Colposcopy and biopsy
A colposcopy is a way of looking closely at the cervix and vagina to see if there are any abnormal or changed cells. It is done by a colposcopist, who is usually a gynaecologist or, in some clinics, a nurse practitioner.
A colposcopy takes about 10–15 minutes. You will usually be advised not to have sex or put anything in your vagina (e.g. tampons) for 24 hours before the procedure.
This procedure is done with an instrument called a colposcope, which is a microscope with a light. The colposcope is placed near your vulva but does not enter your body.
You will lie on your back in an examination chair with your knees up and apart. The colposcopist will use a speculum to spread the walls of your vagina apart, and then apply a vinegar-like liquid and iodine to your cervix and vagina. This makes it easier to see abnormal cells through the colposcope. You may feel a mild stinging or burning sensation, and you may have a brown discharge from the vagina afterwards.
If the colposcopist sees any suspicious-looking areas, they will usually take a tissue sample (biopsy) from the surface of the cervix. You may feel uncomfortable for a short time while the tissue sample is taken.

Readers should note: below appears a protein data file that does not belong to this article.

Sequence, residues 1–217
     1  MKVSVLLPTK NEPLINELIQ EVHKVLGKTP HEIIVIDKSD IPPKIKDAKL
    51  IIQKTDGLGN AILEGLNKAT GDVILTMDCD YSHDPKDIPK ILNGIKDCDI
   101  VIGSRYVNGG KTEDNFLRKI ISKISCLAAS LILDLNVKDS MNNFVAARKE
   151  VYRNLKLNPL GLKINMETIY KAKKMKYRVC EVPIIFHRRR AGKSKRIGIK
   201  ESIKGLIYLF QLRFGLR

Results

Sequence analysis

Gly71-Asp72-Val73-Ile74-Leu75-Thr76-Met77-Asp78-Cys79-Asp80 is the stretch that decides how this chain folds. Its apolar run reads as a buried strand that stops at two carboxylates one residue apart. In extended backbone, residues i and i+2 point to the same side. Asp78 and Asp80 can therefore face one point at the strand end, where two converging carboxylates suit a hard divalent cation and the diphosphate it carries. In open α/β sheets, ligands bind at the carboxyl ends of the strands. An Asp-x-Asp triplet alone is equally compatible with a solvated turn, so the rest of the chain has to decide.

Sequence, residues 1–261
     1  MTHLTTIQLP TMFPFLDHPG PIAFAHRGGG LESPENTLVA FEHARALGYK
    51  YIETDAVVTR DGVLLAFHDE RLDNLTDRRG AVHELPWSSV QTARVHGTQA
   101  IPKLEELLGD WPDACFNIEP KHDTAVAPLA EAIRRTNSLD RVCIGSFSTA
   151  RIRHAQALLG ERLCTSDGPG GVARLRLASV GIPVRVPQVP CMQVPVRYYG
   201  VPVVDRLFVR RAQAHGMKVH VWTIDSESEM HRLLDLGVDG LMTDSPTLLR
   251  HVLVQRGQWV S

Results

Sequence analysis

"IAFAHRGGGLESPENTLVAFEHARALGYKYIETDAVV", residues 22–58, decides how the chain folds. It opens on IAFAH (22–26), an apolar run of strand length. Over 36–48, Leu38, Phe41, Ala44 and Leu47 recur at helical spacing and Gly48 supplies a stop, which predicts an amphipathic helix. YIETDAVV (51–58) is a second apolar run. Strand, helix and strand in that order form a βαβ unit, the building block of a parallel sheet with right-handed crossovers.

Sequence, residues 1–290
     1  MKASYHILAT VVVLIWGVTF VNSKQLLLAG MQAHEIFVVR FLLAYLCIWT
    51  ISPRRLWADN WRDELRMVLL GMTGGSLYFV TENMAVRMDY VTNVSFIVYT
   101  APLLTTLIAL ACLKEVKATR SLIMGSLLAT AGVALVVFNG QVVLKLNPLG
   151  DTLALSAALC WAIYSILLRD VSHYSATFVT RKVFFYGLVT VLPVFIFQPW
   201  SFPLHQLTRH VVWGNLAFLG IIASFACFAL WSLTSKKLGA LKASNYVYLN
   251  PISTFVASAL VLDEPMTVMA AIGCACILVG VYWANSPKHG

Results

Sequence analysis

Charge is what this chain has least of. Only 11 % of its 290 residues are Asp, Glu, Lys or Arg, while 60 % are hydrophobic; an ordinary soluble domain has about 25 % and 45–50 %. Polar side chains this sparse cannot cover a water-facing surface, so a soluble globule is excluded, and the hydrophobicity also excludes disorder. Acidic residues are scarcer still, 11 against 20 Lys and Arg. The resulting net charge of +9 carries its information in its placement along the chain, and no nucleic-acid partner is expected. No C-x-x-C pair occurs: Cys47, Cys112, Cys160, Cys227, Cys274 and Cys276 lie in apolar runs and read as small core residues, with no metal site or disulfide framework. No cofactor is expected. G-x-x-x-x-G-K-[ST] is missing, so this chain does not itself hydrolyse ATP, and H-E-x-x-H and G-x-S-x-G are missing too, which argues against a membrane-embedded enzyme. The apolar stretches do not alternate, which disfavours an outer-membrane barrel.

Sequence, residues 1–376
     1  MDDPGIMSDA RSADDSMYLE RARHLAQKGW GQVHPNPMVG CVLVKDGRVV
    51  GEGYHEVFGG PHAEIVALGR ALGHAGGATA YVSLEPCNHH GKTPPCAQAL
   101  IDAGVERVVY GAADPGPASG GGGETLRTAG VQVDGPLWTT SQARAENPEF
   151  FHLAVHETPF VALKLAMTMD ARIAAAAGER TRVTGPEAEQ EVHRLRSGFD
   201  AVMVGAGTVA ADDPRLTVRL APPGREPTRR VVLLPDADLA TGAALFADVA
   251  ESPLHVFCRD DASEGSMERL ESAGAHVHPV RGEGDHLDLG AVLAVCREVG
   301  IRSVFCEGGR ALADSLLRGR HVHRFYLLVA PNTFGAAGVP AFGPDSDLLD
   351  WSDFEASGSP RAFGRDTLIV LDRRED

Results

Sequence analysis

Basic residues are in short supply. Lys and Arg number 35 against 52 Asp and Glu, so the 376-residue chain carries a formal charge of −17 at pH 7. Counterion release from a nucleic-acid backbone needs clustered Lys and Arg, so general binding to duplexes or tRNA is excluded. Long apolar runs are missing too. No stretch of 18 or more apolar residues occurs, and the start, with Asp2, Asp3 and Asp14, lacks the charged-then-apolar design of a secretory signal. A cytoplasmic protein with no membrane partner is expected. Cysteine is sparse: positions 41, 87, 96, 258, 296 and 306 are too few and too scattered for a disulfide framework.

You will be able to go home once the colposcopy and biopsy are done. The tissue sample is sent to a laboratory, and a pathologist will examine the cells under a microscope to see if they are cancerous. The results are usually available in about a week.
After the procedure, it is common to have cramping that feels similar to menstrual pain. This may last a short time and can be relieved with mild pain medicines such as paracetamol or non-steroidal anti-inflammatory drugs. You may also have some light bleeding or other vaginal discharge for up to a week.
To give the cervix time to heal and to reduce the risk of infection, your colposcopist will probably advise you not to have sexual intercourse or use tampons for up to a week after the procedure.
Podcast: Tests and Cancer
Dr Pearly Khaw, Lead Radiation Oncologist, Gynae-Tumour Stream, Peter MacCallum Cancer Centre, VIC; Dr Deborah Neesham, Gynaecological Oncologist, The Royal Women’s Hospital and Frances Perry House, VIC; Kate Barber, 13 11 20 Consultant, VIC; Dr Alison Davis, Medical Oncologist, Canberra Hospital, ACT; Krystle Drewitt, Consumer; Shannon Philp, Nurse Practitioner, Gynaecological Oncology, Chris O’Brien Lifehouse and The University of Sydney Susan Wakil School of Nursing and Midwifery, NSW; Dr Robyn Sayer, Gynaecological Oncologist Cancer Surgeon, Chris O’Brien Lifehouse, NSW; Megan Smith, Senior Research Fellow, Cancer Council NSW; Melissa Whalen, Consumer.
We also thank the health professionals, consumers and editorial teams who have worked on previous editions of this title.
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